I've been thinking about this "granite" controversy (me arguing with myself, as usual), and what a person might actually get when they purchase a so-called "granite" counter top. Last night I took a look back at one of my beloved geology textbooks for enlightenment, and what did I find?
I know you are just perched on the edge of your seats for this one.
GRANITE DOES EXIST in the IUGS classification scheme.
The what scheme???
The International Union of Geological Sciences has a LOT of diagrams (probably several million, would be my guess) for figuring out how to classify all sorts of rocks. In the case of our granite, the classification covers coarse-grained rocks that cooled underground (as opposed to fine-grained rocks that cooled above ground, such as basalt).
All igneous rocks are classified according to how much of this mineral or how much of that mineral is present. How much alkali feldspar? How much quartz? How much plagioclase? And all these proportions have to be "normalized", and you have to determine the "mode" at which point you determine the "volume percent" of all this plus do some more complicated stuff.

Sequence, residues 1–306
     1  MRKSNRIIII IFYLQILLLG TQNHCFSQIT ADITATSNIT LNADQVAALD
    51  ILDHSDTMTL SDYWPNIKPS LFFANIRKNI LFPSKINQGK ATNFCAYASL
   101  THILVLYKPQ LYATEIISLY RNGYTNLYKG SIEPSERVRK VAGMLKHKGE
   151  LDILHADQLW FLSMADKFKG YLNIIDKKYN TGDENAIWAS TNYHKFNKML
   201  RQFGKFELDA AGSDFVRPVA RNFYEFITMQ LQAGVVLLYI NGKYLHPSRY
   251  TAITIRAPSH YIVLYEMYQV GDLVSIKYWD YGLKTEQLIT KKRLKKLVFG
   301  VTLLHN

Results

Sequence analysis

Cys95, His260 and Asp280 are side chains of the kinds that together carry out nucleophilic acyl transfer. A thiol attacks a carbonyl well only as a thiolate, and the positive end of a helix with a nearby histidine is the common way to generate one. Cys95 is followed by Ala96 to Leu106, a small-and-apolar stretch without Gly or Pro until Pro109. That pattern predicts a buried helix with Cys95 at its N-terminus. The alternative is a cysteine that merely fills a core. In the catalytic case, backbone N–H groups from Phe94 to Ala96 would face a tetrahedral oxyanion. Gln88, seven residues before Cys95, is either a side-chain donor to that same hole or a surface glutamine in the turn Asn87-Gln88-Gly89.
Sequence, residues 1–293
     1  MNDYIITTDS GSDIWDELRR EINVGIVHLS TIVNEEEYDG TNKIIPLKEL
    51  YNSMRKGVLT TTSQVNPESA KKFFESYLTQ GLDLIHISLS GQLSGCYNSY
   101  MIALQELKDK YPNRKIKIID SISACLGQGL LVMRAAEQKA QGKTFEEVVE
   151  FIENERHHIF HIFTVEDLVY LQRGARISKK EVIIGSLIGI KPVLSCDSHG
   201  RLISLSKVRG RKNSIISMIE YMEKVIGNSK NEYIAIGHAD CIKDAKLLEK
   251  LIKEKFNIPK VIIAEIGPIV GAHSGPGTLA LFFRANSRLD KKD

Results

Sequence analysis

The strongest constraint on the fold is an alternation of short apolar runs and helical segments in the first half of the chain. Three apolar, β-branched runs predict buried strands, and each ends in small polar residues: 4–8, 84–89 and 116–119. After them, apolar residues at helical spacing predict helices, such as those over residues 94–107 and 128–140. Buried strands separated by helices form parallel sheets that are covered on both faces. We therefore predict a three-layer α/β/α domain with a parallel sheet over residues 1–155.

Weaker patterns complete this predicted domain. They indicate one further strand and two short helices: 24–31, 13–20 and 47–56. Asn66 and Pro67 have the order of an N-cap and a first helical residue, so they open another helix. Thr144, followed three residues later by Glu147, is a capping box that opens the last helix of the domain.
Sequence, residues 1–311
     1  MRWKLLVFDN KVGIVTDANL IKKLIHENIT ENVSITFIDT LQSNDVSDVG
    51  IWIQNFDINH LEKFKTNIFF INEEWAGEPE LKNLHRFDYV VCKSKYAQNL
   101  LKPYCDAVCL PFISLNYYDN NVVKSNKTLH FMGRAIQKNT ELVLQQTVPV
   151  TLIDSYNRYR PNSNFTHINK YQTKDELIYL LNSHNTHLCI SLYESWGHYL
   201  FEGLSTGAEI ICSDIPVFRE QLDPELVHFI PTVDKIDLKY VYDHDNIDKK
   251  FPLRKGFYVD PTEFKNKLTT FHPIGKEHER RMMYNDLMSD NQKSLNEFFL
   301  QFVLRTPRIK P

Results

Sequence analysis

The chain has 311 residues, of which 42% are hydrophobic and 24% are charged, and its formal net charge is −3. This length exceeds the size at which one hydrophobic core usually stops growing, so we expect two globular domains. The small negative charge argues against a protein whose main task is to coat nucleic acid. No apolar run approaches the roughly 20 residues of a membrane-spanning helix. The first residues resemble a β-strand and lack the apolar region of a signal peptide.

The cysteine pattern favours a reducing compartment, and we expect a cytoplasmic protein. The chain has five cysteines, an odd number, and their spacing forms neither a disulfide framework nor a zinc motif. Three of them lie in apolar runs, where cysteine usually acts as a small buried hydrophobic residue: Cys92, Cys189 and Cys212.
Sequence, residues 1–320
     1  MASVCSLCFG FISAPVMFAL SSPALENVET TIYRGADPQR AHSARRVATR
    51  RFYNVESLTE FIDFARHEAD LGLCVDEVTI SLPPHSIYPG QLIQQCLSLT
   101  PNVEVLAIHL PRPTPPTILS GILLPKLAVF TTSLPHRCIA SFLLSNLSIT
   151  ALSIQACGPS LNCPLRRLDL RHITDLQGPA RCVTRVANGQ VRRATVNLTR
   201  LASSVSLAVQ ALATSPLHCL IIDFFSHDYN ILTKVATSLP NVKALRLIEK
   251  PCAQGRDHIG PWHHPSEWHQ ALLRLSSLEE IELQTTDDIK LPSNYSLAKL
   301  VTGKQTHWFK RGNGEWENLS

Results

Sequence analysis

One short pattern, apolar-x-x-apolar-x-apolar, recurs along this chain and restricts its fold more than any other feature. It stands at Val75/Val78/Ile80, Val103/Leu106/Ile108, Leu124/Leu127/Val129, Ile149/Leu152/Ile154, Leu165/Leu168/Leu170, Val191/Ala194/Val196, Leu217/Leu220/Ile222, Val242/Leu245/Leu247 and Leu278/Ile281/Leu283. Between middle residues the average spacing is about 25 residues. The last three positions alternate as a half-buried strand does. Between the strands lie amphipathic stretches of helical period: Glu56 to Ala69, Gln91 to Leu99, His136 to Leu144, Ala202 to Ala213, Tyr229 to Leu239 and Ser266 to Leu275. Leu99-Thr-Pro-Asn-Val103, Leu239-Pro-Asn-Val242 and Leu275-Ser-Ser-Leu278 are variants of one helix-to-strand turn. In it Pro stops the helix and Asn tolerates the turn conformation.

So... Inside one of these multitudinous classification diagrams sits a little area called "granite."
Be that as it may, what a person gets when buying a counter top still most likely will NOT be granite. If it's black it will probably be a gabbro. If it has a lot of light-colored quartz or feldspar it may be a granodiorite or a quartz monzodiorite. OR... it may be something altogether different such as a metamorphic rock!!!
Aren't you glad you asked about granite?
Ya just gotta love geologists. We think this stuff is F-U-N.